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Where the Wild Things Are by Maurice Sendak

Where the Wild Things Are (1963)

by Maurice Sendak

MembersReviewsPopularityAverage ratingMentions
15,2231058123 (4.35)175
  1. 90
    The True Story of the Three Little Pigs by Jon Scieszka (bethielouwho)
  2. 21
    There's a Nightmare in My Closet by Mercer Mayer (Sandydog1)
    Sandydog1: Both deal with fantasy and imagination and both are from the genius of Sendack
  3. 00
    Miranda's umbrella by Val Biro (bookel)
  4. 00
    Dear Mili by Wilhelm Grimm (Hibou8)
  5. 11
    The Wild Things by Dave Eggers (sweetandsyko)
    sweetandsyko: where the wild things are is such a good childrens picture book. I recommend the wild things for adults to read! certain copies even have furry covers like the monsters from the story!
  6. 12
    Where the Mild Things Are: A Very Meek Parody by Maurice Send-up (bookel)
  7. 02
    Goodnight Opus by Berkeley Breathed (wosret)

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This book allows students to explore their imagination. They can see just how far it can take them. ( )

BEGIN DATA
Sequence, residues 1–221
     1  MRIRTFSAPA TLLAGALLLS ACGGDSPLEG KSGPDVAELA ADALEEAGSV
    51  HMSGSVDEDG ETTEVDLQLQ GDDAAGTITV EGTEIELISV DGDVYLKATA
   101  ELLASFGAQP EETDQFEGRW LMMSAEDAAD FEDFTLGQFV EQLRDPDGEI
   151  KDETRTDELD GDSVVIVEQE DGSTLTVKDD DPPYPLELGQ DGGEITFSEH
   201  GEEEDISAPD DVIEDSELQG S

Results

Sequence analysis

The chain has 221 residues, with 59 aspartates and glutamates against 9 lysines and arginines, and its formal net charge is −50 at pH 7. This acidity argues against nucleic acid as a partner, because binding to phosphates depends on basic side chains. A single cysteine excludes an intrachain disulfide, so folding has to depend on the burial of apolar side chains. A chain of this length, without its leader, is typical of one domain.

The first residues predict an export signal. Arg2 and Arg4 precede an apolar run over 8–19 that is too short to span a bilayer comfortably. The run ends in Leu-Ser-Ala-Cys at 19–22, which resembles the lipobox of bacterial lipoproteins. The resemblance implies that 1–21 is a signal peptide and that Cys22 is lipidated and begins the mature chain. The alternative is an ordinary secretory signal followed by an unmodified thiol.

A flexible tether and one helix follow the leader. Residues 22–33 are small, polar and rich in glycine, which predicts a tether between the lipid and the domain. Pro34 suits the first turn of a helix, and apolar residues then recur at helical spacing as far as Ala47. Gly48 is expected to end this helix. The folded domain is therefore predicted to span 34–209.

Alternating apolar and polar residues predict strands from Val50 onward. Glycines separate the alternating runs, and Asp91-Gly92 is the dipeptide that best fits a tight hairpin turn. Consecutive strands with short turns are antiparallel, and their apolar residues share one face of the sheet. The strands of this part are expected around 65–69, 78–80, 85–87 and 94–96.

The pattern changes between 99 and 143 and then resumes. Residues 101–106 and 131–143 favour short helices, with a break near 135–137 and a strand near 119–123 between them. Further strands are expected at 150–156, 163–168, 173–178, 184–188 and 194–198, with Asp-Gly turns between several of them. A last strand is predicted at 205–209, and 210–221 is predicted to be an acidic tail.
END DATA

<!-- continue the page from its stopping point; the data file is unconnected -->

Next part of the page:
AimeeSword | Mar 28, 2017 |
Where the Wild things are tells the tale of imagination and missing home. Max is a rebellious kid who has a huge imagination. I love the style of the book. The text and the pictures have no strict placement. There are small clues in the beginning image that tell the reader where his mind is. I also like the illustrations. They are unique to this story. The wild things are iconic images to the story. It is appropriate for the reading level. The lines are brief and easy to read. There isn’t a strong plot to the book. I wish the text had more about why he wanted to be with the wild things or about his home life. This would entice readers at higher levels. ( )
  mdaly6 | Mar 28, 2017 |
This story tells of a boy named Max who is making mischief around his house. Max is seen throughout the book wearing a wolf suit, a king's crown, and a mischievous grin. After chasing the family dog around the house with a fork, Max is sent to his room without any supper by his mother. He then begins a magical journey, in which his room transforms into a new world, with creatures named the Wild Things, where he is soon made king. Max is in control of his life in the land of the Wild Things, but soon finds himself homesick and yearning to go back home to eat his mother's supper.